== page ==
The new world of work is reshaping how we interact with each other professionally. Learn more about HR technology's role in the hybrid work era.
Two years after employees worldwide shifted to remote work because of the COVID-19 pandemic, businesses are slowly returning to their offices, signifying a new era of work. However, while most workplaces are recovering from the pandemic, there is an awareness that this return isn’t permanent, and things can change once again just as quickly as they did in 2020.
All these changes to the workplace have given organisations numerous opportunities to reevaluate how they conduct their business and transform digitally. In a two-part episode of the British Chamber of Singapore podcast, Ceridian's VP and Head of Sales, Asia & Japan, Rob Squires shares his thoughts on HR technology's role in the hybrid work era.
Making connections in a remote environment
Pre-COVID, HR processes such as onboarding were relatively straightforward. It was easier for employees to assimilate to the culture since their colleagues surrounded them, and in turn, managers could easily track their new hire's progress and productivity.
Nowadays, some employees have never met their managers or teammates because they were hired remotely. A lack of these connections and micro-moments, such as the day-to-day conversations between colleagues, can create cause for concern around remote work.
However, while creating real connections quickly and effectively in a remote world is challenging, it's not impossible. HR technology allows employees to have an engaging experience wherever they are. From recruitment to onboarding to talent management, employees can learn about the organisation and communicate with their team, and managers can stay on top of their progress.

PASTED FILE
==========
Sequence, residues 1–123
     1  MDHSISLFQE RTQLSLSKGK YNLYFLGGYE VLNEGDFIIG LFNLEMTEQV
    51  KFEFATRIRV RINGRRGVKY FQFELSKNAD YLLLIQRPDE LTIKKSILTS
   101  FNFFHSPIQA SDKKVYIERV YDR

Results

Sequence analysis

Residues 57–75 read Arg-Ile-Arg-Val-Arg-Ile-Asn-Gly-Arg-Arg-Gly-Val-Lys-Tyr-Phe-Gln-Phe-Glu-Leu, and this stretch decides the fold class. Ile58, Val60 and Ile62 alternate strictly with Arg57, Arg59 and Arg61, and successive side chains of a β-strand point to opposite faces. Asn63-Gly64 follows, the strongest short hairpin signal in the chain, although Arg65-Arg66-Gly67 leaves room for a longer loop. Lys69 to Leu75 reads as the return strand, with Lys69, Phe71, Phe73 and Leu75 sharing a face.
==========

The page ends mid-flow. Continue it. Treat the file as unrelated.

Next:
Attracting and retaining employees
The pandemic brought a historic shift in the relationship between employers and their people. Employees are now in the driver's seat, taking control of their career. They know what their needs are, and if employers can’t meet these expectations, they won’t hesitate to leave. In this tight labour market, organisations need to evolve to retain their people and attract top talent.
With the return to the office, leaders can allow employees to create flexible schedules they can then track using a workforce management system. Organisations can also build a retention strategy by providing development opportunities, coaching, and creating a succession plan accessible to both managers and employees through a human capital management system.
Embracing technology in leadership
Leaders have been at the forefront of all the changes in the workplace in the past years. It is challenging to manage people they cannot see or have never met, but managers have learned to adjust their style, and technology has helped them embrace this new environment.
Besides the usual emails, chats, and video calls, modern HCM systems provide a framework to help managers connect to their teams to understand what they are feeling about their work. Engagement and pulse surveys provide meaningful data that gives an accurate picture of employees’ sentiments and can help managers identify trends and create strategies to mitigate risks.
HR technology is here to stay
The world of work has changed, and it will continue to change. Having a modern, tech-driven employee experience is paramount for success, and HR technology is here to help organisations become more agile and embrace the hybrid work era.